Direction and screenplay: Bill Condon (There’s a "thank you" credit to Kinsey biographer Johnathan Gathorne-Hardy and his book, Kinsey: Sex the Measure of All Things)
Cast: Liam Neeson, Laura Linney, Chris O’Donnell, Peter Sarsgaard, Timothy Hutton, John Lithgow, Tim Curry, Oliver Platt, Lynn Redgrave, Katharine Houghton
At one point in Kinsey, Liam Neeson’s polemical Dr. Alfred Kinsey tells a reporter that it would be "useless" to make a film of his 1948 book on male sexuality. Be that as it may, Kinsey would probably have recognized that his extraordinary life could well be the stuff that great movies are made of.
Writer-director Bill Condon surely thinks so, and his Kinsey is an honorable attempt to portray the life and times of the pioneering sex researcher, whose studies on the sexual behavior of American men and women remain controversial to this day. (See Kinsey notes.) But despite Condon’s good intentions, Kinsey is ultimately no more than a well-crafted, formulaic "message" biopic that sanitizes its subject matter while pretending to be as revolutionary in its approach to sex as its offbeat hero.
Much of the film is told via flashbacks, with Kinsey acting as a subject of his own experiment by answering questions about his past. We learn about his father, a rabidly religious part-time church lecturer who believed that sex was a necessary evil for procreation — but only then. (This anti-sex crusader is played with half-crazed glee by John Lithgow, who seems to be having way too much fun with the role.)
We also learn that in the perverse environment in which Kinsey — and millions of others — grew up, non-procreational sex had to be made dangerous. Cunnilingus, we’re told, will lead to sterility. Masturbation will lead to blindness, or, via internal bleeding, to death itself.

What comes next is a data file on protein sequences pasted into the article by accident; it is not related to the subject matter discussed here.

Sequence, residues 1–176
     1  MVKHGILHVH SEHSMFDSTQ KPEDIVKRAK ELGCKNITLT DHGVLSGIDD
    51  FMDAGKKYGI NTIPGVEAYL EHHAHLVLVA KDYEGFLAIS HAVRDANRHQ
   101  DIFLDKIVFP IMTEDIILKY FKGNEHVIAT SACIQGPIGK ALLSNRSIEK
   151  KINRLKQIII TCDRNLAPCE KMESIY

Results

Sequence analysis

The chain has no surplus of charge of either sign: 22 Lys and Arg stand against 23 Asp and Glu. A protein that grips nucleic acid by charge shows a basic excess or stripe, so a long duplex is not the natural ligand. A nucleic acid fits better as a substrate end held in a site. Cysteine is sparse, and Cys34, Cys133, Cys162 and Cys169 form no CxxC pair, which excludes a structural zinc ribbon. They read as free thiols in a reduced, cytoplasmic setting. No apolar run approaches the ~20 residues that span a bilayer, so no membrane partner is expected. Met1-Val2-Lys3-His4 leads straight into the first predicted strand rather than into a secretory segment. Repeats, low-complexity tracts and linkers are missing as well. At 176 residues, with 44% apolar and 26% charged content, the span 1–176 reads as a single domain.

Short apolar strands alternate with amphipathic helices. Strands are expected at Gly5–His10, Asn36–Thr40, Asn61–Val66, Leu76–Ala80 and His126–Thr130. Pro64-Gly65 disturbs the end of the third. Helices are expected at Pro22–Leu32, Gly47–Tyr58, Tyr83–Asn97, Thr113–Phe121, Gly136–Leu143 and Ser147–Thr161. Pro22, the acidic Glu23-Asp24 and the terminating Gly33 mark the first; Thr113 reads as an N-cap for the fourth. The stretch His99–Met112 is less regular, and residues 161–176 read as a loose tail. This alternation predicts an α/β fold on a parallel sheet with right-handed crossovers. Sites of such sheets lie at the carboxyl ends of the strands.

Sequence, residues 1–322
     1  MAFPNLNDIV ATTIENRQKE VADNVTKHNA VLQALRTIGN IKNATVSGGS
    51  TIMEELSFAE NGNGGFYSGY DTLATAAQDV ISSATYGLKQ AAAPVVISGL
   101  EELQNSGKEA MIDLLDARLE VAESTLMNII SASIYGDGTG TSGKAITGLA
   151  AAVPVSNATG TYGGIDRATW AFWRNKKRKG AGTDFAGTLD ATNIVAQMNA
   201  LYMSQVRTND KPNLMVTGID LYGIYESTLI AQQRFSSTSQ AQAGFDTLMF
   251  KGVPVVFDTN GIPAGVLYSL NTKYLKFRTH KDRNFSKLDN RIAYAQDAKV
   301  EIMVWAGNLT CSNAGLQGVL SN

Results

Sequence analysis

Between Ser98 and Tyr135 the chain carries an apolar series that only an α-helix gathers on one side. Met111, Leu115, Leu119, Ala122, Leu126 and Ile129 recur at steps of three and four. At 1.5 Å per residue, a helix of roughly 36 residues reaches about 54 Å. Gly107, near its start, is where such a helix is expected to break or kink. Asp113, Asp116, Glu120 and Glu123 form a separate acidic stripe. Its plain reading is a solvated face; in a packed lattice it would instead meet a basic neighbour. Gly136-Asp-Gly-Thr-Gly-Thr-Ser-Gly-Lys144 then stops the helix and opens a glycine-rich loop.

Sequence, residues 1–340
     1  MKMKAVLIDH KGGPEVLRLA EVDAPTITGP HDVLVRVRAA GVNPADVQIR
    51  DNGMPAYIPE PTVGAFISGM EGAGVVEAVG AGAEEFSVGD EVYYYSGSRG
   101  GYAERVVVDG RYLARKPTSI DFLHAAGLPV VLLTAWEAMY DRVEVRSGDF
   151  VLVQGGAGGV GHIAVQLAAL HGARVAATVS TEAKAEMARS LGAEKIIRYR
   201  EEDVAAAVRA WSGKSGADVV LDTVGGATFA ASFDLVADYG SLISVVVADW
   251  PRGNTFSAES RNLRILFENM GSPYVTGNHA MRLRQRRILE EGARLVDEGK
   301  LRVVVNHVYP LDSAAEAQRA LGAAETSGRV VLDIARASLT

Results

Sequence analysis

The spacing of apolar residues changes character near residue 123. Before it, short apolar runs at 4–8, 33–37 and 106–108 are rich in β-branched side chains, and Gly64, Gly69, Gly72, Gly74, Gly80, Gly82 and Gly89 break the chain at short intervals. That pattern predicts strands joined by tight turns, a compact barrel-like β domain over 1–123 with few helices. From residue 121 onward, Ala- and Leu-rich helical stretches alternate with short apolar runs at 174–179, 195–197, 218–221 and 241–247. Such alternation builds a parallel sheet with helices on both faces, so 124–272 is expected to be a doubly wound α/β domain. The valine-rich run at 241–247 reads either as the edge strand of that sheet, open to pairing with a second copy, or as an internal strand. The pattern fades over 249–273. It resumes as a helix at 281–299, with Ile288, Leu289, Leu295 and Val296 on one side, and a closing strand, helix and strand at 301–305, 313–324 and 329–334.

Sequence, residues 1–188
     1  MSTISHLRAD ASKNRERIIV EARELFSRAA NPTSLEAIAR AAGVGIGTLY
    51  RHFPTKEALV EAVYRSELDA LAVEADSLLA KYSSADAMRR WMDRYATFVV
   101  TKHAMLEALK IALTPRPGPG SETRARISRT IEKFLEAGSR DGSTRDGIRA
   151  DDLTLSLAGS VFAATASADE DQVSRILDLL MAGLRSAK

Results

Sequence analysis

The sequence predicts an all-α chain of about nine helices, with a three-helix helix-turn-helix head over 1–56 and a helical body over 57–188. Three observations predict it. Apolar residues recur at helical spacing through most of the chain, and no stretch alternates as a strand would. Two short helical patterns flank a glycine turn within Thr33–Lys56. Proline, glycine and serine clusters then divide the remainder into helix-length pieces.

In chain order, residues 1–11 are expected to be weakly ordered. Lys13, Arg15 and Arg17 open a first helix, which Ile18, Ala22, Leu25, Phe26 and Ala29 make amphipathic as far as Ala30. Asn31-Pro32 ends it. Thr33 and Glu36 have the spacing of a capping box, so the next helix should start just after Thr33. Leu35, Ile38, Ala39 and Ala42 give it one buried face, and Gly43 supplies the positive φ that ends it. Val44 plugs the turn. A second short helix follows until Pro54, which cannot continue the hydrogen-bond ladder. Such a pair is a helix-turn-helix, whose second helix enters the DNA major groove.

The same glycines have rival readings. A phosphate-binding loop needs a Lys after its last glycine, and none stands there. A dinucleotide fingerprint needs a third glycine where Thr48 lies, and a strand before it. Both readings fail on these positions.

When Kinsey rebels against his father’s pathological views of sex, he goes to the other extreme: from absolute sexual repression to absolute sexual liberation. Whether he ever felt pangs of the old Christian guilt is never discussed in Condon’s film.
According to the filmmaker, Kinsey was a one-man sex lib movement. In his view, sex, whether with males, females, or both, is a natural means of human expression. In fact, the doctor encourages his assistants and even his wife, Clara (Laura Linney), to be equally liberated. According to Kinsey, it doesn’t take much convincing for the (almost invariably off-camera) fun to begin.
With the 1948 publication of his first bestseller, Sexual Behavior in the Human Male, Kinsey becomes an internationally known figure. From then on, things begin going wrong for him. Sexual Behavior in the Human Female, published in 1953, is greeted with outrage and disgust. American society had stared at itself in the bedroom mirror and it wasn’t at all happy with what it saw. In the puritanical and paranoid 1950s, the controversial doctor is accused of being both a pervert and a Communist. (Had Kinsey been around in the early 21st century, the rabid right would likely have accused him of being a "cultural terrorist.")
All of the above is rich material for a great film, but Bill Condon offers little more than a superficial, derivative history lesson. Like Paul Muni in The Story of Louis Pasteur, Edward G. Robinson’s syphilis researcher in Dr. Ehrlich’s Magic Bullet, and myriad other film geniuses, Kinsey is obsessed with his work. And like in most biopics, the drama feels artificial and contrived. For instance, Kinsey’s homosexual feelings comes as no surprise to his young, bisexual assistant, Clyde Martin (Peter Sarsgaard), even though apart from a subtle "plant" earlier in the film there had been absolutely no indication of the professor’s two-way sexual orientation.
Later on, Clyde’s angry outburst against Kinsey’s "open door" sex policies seems both self-righteous and phony. Condon, via his film character, is sermonizing that sexual liberation leads to unforeseen nasty consequences (in this case, infidelity and jealousy), as if Clyde and all the other willing participants in Kinsey’s free-sex experiments were little children unaware of the emotional entanglements of sexual activity. (Curiously, there’s only a brief mention of condom use in the film; back in those days, apparently no one was much afraid of venereal diseases or unwanted pregnancies.)